The Obama administration is engaged in complex diplomacy over Israel’s possible attack on Iran, trying simultaneously to restrain Israel and use its military threat to pressure Iran on its nuclear program. But some maneuvers may work at cross purposes, Gareth Porter writes for Inter Press Service.
Israel does not really see Iran as an “existential threat,” at least not in the sense that Iran would fire a hypothetical nuclear bomb at Israel. Rather, Israel fears that an Iranian bomb would tilt the strategic balance, since Israel now holds a nuclear monopoly in the region, as William Blum explains.
The Israeli government and the major U.S. news media are escalating their rhetoric in support of a new “preemptive” war, this time against Iran. Yet, as with the Iraq invasion, little attention is focusing on the rules of international law and which side is in the wrong, as Nat Parry describes.
Defense Secretary Leon Panetta sees a growing chance that Israel will attack Iran’s nuclear sites this spring – despite resistance from the Obama administration. Meanwhile, Danny Schechter attended a conference in Iran on how Hollywood spreads propaganda.
President Obama is caught in a dilemma, how to dissuade Israel from going to war with Iran without alienating pro-Israeli voters in November. So, the Obama administration has told Israel that the U.S. won’t support an attack on Iran but has done so quietly, Gareth Porter reports for Inter Press Service.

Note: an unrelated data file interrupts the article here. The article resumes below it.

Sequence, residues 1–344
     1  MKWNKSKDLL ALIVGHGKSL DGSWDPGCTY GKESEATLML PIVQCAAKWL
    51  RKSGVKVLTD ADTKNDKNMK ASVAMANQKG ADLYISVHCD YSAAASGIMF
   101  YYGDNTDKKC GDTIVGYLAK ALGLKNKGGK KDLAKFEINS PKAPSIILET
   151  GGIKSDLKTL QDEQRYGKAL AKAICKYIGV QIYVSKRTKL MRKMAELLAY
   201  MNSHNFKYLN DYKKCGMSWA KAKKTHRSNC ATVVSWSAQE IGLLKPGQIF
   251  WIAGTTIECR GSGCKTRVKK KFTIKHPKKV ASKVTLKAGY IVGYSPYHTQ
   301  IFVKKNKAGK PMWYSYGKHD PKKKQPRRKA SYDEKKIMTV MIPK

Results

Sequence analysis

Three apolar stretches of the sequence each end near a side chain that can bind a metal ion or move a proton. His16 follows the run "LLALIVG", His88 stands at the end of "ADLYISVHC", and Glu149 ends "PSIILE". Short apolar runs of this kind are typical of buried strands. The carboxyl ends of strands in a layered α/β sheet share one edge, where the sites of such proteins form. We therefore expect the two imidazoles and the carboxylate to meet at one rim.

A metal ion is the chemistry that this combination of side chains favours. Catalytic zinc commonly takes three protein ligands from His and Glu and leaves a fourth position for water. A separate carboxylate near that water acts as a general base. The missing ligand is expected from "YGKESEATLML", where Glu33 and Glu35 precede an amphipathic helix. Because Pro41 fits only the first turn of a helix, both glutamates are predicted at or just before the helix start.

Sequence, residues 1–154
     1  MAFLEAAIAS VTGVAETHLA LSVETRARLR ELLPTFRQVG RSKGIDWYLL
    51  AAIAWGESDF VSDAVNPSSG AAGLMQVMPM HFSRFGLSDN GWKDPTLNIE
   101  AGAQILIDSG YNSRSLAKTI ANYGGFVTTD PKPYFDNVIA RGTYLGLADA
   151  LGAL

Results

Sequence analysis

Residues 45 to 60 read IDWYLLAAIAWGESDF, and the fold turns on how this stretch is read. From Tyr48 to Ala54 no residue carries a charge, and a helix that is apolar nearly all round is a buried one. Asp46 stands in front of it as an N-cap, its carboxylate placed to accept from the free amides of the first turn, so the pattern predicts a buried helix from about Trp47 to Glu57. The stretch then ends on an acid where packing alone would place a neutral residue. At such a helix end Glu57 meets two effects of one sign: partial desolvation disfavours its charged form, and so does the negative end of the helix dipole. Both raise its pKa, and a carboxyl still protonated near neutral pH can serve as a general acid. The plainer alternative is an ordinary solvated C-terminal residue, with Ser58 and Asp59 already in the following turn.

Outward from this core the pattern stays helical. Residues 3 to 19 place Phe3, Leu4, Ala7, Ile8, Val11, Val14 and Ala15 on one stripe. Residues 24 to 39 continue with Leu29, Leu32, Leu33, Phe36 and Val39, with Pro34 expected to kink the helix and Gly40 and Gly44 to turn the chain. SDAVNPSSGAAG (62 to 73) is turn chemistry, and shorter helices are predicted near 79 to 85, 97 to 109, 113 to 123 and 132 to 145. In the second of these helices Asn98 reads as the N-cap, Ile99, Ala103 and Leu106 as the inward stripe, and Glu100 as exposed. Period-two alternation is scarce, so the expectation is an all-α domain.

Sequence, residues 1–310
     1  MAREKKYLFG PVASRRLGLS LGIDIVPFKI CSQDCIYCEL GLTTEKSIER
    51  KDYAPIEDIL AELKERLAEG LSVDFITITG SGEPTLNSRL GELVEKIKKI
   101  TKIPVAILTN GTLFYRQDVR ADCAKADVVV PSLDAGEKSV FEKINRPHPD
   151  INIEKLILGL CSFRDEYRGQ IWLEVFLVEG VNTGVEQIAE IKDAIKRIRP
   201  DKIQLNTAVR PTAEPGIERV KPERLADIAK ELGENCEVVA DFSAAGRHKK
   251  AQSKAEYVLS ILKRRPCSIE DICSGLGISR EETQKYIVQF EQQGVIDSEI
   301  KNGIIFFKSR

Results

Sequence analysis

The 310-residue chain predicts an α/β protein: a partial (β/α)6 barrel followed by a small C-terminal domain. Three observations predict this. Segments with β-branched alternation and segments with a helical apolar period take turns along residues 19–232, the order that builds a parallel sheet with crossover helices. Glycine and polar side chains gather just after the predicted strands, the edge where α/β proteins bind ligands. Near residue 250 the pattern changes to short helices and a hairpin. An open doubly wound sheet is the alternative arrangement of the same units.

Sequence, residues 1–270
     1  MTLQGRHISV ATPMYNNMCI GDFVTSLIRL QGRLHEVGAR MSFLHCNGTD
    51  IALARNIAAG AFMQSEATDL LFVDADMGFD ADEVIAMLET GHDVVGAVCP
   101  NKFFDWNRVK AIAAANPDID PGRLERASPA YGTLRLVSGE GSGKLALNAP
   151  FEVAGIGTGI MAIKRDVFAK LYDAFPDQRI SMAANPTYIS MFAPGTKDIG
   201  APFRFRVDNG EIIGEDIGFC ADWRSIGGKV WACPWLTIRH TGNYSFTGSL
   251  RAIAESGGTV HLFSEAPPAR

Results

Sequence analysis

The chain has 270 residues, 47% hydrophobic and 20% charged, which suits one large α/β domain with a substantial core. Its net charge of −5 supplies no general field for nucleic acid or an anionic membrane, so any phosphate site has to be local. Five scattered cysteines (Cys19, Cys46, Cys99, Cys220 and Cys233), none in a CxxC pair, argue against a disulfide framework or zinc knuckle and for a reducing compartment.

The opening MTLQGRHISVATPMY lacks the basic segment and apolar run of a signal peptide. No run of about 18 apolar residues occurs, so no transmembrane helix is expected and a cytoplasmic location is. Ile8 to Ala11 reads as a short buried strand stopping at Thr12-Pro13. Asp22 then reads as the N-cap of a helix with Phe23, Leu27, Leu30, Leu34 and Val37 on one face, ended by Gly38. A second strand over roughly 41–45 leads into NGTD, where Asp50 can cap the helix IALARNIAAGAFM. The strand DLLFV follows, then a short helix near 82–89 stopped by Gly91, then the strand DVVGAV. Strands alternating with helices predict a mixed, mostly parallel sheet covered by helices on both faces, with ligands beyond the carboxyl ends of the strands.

At a time when the planet needs people to come together and confront crises – from global warming to worsening poverty – the trendy ideology is an aggressive neoliberalism that seeks to impose a deregulated “free market” on the world, just the approach that is sure to bring disaster, Phil Rockstroh observes.
Exclusive: Like before the invasion of Iraq, the U.S. news media is flooding Americans with alarmist accounts about Iran’s alleged pursuit of nuclear weapons. Even when U.S. officials suggest nuance and caution, the media ignores the signals, as ex-CIA analyst Ray McGovern reports.
Exclusive: Despite a broad consensus among scientists that global warming is real and dangerous, Rupert Murdoch’s Wall Street Journal and other right-wing media have made climate-denial a central tenet of U.S. conservatism, requiring endless distortions, as Sam Parry observes.
American neocons have long criticized Arab countries for lacking democracy, but now are complaining that some of the new Arab democracies are electing parties with Islamic affiliations. Former CIA analyst Paul R. Pillar finds some of that alarm unnecessary.
In 2003, President George W. Bush launched a “preemptive” war against Iraq, citing imaginary threats to the United States. The invasion inflicted massive loss of life, including massacres like the one at Haditha, but with very little accountability in the field or in Washington, writes Marjorie Cohn.